Working out of a small 1,300-square-foot location, she opened a larger second location called Muddy’s Grind House in 2014 in the Cooper-Young area, as well as a commercial kitchen in 2012 on Broad Avenue, where the majority of the baked cupcakes, pies, cakes and other yummies sold at both shops are made.
Putting a Muddy’s on every corner has never been the priority for Gordon.
“Our first franchise offer came in that first year, and the answer has been and continues to be ‘no’,” she said. “My growth strategy has always been focused on depth, not width, so we want to make sure we’re growing our roots deeper.”
Instead of focusing on increasing locations, Muddy’s focuses on staff training and opportunity for her more than 50 employees as well as growth in product quality.
“We spend a lot of our time and energy looking at how we can take something good and make it better,” said Gordon, who worked as a real estate agent before striking out on her own and starting her business.
One of the things she thinks she’s done really well to build the company’s culture is creating a vision of the future and teaching people how to create their own visions for the future both at work and personally.
“Not everything is going to go as planned, so I think having a clear vision of what your destination looks like allows you to roll with the punches a little more,” Gordon said.
Her advice for people starting their own business is simple.
“Expect it to be even better than you imagined, but also expect it to be different and to be challenging,” she said. “Even when you feel like you’re failing miserably, expect to feel that way.”
Long-time patrons of Muddy’s Bake Shop in East Memphis will finally get an espresso bar later this year. After more than 10 years at its original location, Muddy’s will undergo significant renovations in December.
Enjoy A|M Restaurant Group partners Andy Ticer and Michael Hudman started talking about opening their own restaurant as far back as their freshman year of high school at Christian Brothers.
“We grew up with some big Italian families, and we fell in love with cooking by watching our grandmothers cook on Sundays,” Ticer said.
The pair, who have known each other since 6th grade, attended culinary school together at Johnson Wells in Charlestown, South Carolina, after going to different colleges, and then both studied in Calabria, Italy, at the Italian Culinary Institute.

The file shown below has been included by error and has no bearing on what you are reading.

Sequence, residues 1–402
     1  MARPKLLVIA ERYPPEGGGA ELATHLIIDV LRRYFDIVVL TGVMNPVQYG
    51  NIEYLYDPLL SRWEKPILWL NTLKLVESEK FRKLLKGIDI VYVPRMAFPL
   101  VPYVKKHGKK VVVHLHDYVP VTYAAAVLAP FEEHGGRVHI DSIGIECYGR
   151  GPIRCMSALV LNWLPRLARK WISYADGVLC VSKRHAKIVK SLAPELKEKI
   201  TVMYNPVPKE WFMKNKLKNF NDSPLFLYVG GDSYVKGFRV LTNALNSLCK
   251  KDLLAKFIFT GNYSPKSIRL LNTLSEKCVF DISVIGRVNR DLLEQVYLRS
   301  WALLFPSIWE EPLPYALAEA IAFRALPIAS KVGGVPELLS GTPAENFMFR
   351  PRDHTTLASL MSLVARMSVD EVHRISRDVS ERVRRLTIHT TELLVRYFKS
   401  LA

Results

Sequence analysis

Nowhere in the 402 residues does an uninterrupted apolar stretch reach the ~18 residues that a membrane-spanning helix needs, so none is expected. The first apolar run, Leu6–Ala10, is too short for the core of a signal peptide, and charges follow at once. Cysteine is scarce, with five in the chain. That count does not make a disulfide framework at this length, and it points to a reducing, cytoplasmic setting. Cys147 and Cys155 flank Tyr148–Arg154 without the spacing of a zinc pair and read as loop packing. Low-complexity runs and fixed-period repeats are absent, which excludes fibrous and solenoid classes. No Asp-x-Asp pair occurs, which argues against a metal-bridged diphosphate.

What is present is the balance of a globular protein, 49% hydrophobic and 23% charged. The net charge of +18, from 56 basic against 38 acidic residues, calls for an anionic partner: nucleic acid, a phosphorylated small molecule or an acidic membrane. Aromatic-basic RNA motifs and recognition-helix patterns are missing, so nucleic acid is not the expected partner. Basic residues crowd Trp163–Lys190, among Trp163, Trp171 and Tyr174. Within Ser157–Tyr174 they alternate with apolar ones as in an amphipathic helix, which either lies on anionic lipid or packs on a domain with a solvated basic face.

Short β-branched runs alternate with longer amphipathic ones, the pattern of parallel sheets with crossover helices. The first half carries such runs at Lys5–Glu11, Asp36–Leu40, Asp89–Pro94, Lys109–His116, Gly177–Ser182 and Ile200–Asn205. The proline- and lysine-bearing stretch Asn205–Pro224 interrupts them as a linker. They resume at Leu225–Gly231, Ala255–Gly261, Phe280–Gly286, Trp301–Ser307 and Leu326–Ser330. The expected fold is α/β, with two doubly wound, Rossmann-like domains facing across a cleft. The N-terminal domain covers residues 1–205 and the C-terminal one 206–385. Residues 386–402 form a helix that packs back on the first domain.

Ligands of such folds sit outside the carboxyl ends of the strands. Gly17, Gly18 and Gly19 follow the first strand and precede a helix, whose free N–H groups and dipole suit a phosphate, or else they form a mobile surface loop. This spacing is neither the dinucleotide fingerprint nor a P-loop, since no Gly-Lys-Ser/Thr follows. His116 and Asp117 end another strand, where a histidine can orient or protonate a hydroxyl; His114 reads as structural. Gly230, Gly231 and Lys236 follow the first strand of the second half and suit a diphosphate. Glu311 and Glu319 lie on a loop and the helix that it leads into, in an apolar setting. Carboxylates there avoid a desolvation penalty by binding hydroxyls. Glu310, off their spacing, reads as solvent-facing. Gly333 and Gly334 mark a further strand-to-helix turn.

They opened Andrew Michael Italian Kitchen in East Memphis in 2008.
“When we started out, we had about 12 employees, including our fathers who would help out,” said Hudman.
The success of that first restaurant led the opening of Hog & Hominy in East Memphis in 2012, Porcellino’s in East Memphis in 2014, Catherine & Mary’s on South Main Street Downtown in 2016 , and the Great Canary in the Old Dominick Brewery early this year.
“Memphis has been so supportive of everything we’ve done,” Hudman said. “It’s been a real fun journey. There’s no handbook that’s given out when you first start, so you learn a lot along the way. The goal is to be the best and to strive for perfection every day.”
In 2016, they also opened a restaurant in New Orleans, Josephine Estelle.
Today, the restaurant group employs more than 250 people.
“We always wanted to start a restaurant group that’s like a restaurant family,” Ticer said. “Family is very important to us and has had a big impact on us for our entire lives, and we wanted to create that same culture in our business.”
As the company has grown, creating job opportunities for staff members to support their families has remained a driving force.
“No matter how much bigger we get from here on out, we want to make sure we take care of our people and help them take that next-level job,” Ticer said.
Next up, Enjoy A|M Restaurant Group will be involved in the creation of two riverfront restaurants inside the Carlisle Group’s One Beale mixed-use redevelopment. The restaurants are expected to open sometime in 2020.